Beaufort, N.C. — Researchers have raised a 2,000-pound cannon from the wreck of the pirate Blackbeard's ship, which has been on the ocean floor off the North Carolina coast for nearly 300 years.
The Queen Anne's Revenge Project brought the massive gun ashore Wednesday. Onlookers cheered as the eight-foot-long gun was raised above the water's surface.
The project is named after the flagship and has been working since 1997 to salvage artifacts from the wreck.
The gun was on public display Wednesday in front of the state Maritime Museum in Beaufort before being taken to a laboratory at East Carolina University for further study.
After nearly three centuries underwater, the cannon has become encased in a cement-like shell of sand, salt and aquatic creatures. It could take years for researchers to learn exactly what the shell contains, in addition to the cannon.
"It's like Christmas," project director Mark Wilde-Ramsing said. "During an earlier expedition, one of the concretions actually held two cannons and lots of attachments that resembled nuts. We called that one Baby Ruth."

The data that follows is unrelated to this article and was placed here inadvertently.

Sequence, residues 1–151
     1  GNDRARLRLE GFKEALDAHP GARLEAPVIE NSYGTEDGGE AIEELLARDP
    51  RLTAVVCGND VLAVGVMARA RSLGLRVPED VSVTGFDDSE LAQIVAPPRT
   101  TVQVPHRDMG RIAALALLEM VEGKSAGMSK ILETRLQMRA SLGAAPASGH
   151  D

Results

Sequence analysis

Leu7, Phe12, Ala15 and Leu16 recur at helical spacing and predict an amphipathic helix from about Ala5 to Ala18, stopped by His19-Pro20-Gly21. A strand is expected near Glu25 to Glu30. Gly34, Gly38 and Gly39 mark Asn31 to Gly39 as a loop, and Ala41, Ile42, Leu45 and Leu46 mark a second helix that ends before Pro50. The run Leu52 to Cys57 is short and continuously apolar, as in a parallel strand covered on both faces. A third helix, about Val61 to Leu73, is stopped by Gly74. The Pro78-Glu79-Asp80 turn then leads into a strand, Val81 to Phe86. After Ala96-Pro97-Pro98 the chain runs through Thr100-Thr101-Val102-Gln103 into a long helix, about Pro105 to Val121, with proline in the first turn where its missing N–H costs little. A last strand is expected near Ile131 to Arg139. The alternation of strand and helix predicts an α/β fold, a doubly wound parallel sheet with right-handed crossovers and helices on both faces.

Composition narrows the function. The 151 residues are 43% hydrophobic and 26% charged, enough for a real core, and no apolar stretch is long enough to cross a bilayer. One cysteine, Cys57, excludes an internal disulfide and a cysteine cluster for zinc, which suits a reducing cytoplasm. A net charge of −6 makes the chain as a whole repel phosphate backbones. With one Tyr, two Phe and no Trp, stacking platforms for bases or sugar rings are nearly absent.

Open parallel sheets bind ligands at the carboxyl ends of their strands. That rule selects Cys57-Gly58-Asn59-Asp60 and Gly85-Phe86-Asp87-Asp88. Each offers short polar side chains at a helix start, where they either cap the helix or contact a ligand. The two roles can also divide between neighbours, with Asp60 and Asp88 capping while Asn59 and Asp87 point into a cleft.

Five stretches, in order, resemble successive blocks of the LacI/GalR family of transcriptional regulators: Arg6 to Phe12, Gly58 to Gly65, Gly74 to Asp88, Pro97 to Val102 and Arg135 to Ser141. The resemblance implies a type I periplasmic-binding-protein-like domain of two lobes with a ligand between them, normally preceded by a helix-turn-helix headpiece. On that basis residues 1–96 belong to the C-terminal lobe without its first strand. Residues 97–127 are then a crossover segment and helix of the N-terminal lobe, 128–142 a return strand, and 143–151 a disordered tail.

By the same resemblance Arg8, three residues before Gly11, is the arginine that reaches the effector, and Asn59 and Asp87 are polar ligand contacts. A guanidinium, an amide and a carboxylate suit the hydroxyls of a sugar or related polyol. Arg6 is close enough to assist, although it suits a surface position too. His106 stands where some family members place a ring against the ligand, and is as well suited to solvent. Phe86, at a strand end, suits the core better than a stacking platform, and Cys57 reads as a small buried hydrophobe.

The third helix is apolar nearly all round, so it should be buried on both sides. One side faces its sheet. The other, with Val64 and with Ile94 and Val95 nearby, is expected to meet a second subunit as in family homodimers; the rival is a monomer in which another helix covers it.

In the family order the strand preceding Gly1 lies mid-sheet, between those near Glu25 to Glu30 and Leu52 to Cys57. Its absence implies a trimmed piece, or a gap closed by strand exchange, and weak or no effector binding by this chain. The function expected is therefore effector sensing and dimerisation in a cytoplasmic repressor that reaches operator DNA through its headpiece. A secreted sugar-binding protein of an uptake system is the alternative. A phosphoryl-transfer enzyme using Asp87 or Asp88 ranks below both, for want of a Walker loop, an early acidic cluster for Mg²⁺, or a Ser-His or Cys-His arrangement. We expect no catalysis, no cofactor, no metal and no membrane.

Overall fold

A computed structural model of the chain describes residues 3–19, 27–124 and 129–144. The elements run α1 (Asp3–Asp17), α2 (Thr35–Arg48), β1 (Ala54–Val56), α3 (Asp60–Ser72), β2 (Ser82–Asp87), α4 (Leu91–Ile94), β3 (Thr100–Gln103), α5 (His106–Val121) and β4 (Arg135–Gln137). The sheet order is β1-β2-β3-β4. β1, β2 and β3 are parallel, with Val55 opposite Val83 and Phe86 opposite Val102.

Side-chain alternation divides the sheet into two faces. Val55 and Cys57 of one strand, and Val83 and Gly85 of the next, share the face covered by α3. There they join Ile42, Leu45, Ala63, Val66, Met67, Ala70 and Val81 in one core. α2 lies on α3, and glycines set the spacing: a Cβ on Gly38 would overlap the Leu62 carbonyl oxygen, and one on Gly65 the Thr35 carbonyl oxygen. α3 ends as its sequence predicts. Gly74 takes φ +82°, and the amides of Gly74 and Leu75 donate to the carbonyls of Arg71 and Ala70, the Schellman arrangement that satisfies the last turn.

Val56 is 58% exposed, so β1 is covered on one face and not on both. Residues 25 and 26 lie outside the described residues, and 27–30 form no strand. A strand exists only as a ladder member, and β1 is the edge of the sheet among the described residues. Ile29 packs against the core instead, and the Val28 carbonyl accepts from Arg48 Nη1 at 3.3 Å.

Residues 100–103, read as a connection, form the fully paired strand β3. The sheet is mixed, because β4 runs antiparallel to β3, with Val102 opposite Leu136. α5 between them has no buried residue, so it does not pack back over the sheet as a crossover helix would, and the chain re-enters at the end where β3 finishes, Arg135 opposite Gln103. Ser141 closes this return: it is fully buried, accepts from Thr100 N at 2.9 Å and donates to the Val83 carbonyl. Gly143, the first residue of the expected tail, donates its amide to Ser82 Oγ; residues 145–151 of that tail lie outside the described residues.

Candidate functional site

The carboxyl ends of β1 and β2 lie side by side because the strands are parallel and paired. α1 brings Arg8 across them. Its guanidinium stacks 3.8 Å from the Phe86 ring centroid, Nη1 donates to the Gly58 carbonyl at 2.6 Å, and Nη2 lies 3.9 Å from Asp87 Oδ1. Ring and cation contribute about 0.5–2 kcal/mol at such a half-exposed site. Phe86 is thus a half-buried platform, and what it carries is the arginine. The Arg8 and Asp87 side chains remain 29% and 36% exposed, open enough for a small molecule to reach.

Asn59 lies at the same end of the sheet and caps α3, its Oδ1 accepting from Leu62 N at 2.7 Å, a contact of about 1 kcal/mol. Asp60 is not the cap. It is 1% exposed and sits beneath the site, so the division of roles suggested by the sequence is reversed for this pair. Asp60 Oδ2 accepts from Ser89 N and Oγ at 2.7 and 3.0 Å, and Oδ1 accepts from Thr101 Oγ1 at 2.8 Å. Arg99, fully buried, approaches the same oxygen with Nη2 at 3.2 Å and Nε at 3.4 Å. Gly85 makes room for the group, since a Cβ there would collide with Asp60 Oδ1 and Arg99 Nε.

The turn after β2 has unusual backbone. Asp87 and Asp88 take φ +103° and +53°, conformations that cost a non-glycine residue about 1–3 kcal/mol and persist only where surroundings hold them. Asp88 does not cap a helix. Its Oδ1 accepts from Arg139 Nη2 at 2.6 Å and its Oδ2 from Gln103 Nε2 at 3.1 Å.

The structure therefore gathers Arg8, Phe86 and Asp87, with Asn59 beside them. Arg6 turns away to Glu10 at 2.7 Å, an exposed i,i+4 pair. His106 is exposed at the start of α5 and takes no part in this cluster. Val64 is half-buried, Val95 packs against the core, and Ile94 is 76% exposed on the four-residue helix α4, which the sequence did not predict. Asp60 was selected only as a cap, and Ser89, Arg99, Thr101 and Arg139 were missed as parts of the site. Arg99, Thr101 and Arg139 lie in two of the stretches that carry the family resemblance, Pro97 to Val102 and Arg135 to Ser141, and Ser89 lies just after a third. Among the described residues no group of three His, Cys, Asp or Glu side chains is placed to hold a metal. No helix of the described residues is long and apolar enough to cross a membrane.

Twelve other recovered cannons have yielded gun flints, a sounding weight, crystal wine glass fragment and shackles.
"Four cannons were all found to be loaded, with cannon shot and wads in place ready to be fired," said Sarah Watkins-Kenney, the project's chief conservator.
Other, less dramatic finds can also aid researchers.
"Remains of rope wrapped around the muzzle of a cannon are also intriguing," Watkins-Kenney said. "Materials as fragile as rope rarely survive, so finding this vindicated the cleaning used to carefully excavate the concretion layers, rather than just knock it off to reveal the cannon."
Three recovered cannons from Blackbeard's ship are on display at the Maritime Museum in Beaufort, one at the Museum of the Albermarle in Elizabeth City and one at the North Carolina Museum of History in Raleigh.
The Queen Anne's Revenge sank in 1718 after running into a sand bar off Beaufort Inlet. Edward Teach, who took the name Blackbeard, was killed about five months later when he was trapped off Ocracoke by British warships leased by the colonial governor of Virginia to find him.
Intersal, a private research company, found the wreckage of the Queen Anne's Revenge in November 1996 after a decade of matching together witness reports and nautical charts in North Carolina, American and European archives.
The state Department of Cultural Resources, Marine Fisheries Unit and ECU have been working since 1997 to recover the wreckage and artifacts, all of which belong to the state.